Tabloid reaches out to Oxford

Roanna Mottershead - News Reporter 10 March 2010

Oxford University has joined with the News of the World to promote its new outreach UNIQ summer school programme.

The launch is part of a drive to attract students from the maintained sector after statistics from 2008 showed that only 19.8% of successful applicants were from state school comprehensives.

The News of the World, which has a weekly readership of around eight million people, has printed three articles on the summer schools, the first of which carried the headline “We’ll get you in to Oxford”.

The popular tabloid aims to “level Britain’s educational playing field so children from every walk of life – no matter how poor their background – can be inspired to follow their dream.”

This pioneering partnership has been welcomed by News of the World readers, with over one thousand applications since the start of February.

Secretary of Education, Ed Balls, endorsed the campaign: “The News of the World’s campaign deserves everybody’s support. I’ll be making sure every school in the country knows about it.”

NUS President, Wes Streeting, has also applauded Oxford’s marketing techniques labelling it “a great initiative”, with which he’d encourage students to get involved.

Oxford has been running free summer schools since 1997 in collaboration with the Sutton Trust, but hopes to attract more students through its new programme after receiving funding from the Heslington Foundation.

Cambridge have also been affiliated with the Sutton Trust for many years, and runs a variety of outreach programmes, including events for year twelve students, children in care and ethnic minorities.

In 2007-2008, access statistics show that 57% of successful Cambridge applicants were from the state sector.

In response to Oxford’s scheme, the number of places on Cambridge summer schools has been doubled to four hundred.

Vartan Tamizian, a second year historian at Clare, spoke to The Cambridge Student (TCS) about his experience at one of Cambridge’s residential programmes in sixth form.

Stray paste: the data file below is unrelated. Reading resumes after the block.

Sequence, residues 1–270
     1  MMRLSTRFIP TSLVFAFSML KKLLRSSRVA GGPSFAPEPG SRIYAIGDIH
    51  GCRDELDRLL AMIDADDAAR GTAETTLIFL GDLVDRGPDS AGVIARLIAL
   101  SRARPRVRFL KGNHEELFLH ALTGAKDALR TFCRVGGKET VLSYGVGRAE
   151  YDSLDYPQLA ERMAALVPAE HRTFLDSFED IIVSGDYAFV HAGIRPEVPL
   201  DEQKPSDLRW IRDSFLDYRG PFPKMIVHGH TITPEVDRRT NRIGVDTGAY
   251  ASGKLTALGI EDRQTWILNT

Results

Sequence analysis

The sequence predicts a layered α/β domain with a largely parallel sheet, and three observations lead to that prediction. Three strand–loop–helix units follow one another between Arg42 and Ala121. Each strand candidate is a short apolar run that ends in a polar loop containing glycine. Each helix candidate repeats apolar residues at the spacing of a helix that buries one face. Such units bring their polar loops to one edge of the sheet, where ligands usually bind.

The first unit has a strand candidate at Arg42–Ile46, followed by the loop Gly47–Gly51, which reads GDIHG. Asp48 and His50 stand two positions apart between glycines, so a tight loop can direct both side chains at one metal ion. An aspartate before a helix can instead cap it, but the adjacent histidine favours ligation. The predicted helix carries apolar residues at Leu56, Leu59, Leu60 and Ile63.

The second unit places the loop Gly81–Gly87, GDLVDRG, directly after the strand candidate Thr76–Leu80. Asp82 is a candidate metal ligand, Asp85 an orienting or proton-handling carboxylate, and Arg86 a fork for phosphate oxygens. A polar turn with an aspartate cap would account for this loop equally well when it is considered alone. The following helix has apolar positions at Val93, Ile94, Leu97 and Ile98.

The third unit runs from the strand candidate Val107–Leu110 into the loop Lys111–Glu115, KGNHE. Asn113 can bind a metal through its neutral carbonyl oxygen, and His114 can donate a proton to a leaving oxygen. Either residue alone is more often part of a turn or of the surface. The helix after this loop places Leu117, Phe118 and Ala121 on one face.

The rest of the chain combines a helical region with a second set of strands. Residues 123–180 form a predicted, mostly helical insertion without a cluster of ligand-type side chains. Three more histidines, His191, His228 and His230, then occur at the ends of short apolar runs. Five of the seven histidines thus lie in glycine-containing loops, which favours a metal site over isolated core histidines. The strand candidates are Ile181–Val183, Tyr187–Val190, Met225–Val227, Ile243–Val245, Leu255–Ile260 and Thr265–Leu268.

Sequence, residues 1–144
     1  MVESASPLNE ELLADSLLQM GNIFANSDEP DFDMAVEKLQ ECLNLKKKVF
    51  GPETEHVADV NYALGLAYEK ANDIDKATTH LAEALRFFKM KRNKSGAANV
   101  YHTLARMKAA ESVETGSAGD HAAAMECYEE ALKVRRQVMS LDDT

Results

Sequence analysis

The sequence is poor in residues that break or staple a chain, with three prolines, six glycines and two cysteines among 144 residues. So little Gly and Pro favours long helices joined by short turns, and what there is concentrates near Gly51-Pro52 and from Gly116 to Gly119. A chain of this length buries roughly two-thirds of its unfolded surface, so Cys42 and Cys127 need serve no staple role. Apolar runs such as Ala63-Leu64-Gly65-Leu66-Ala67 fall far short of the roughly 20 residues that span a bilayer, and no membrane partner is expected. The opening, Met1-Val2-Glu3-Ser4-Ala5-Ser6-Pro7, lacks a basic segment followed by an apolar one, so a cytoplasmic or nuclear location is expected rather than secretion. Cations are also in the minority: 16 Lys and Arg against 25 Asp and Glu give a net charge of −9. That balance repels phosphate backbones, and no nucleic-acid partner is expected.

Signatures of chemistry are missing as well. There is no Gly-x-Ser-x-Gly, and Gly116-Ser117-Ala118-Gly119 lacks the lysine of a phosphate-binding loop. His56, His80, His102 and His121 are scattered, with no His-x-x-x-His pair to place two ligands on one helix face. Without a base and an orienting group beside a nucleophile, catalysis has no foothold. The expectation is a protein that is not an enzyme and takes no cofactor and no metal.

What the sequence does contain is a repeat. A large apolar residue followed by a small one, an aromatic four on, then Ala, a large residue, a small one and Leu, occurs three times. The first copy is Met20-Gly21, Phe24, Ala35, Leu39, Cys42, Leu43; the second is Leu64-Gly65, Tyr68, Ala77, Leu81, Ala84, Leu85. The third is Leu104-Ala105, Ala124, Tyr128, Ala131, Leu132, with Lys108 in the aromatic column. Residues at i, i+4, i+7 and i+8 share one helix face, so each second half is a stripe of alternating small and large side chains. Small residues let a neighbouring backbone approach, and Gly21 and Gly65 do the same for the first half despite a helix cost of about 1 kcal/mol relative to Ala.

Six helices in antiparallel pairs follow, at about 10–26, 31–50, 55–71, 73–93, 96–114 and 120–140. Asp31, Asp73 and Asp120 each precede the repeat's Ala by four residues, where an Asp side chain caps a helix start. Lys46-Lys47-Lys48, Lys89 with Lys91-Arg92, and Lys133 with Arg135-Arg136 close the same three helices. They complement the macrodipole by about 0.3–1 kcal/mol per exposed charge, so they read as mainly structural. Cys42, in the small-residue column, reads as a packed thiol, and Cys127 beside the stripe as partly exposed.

The course confirmed an enthusiasm for history, but was “not a decisive factor in my application to Cambridge.

“Nevertheless, I’d highly recommend it simply due to the opportunity of meeting some great people”.

His comments echo the News of the World’s concern about whether such programmes reach students who had not previously considered Oxbridge. 

Speaking to TCS, CUSU Access Officer, Joe Farish, dismissed Oxford’s efforts as “a publicity drive”.

However, he emphasised that “Residential programmes are important because they give prospective applicants the opportunity to experience Cambridge for themselves. But, he added: “They are just one part of our widening participation strategy.”

Cambridge’s Head of Widening Participation, Tom Levinson, was equally unperturbed by Oxford’s fresh approach.

He told TCS that the Sutton Trust scheme, which Oxford has abandoned, “guarantees us exposure in all UK state schools”.

He added that Oxbridge as a whole would benefit from the campaign as “the combined effort will mean that more students than ever before will be able to access this valuable experience.”

Roanna Mottershead – News Reporter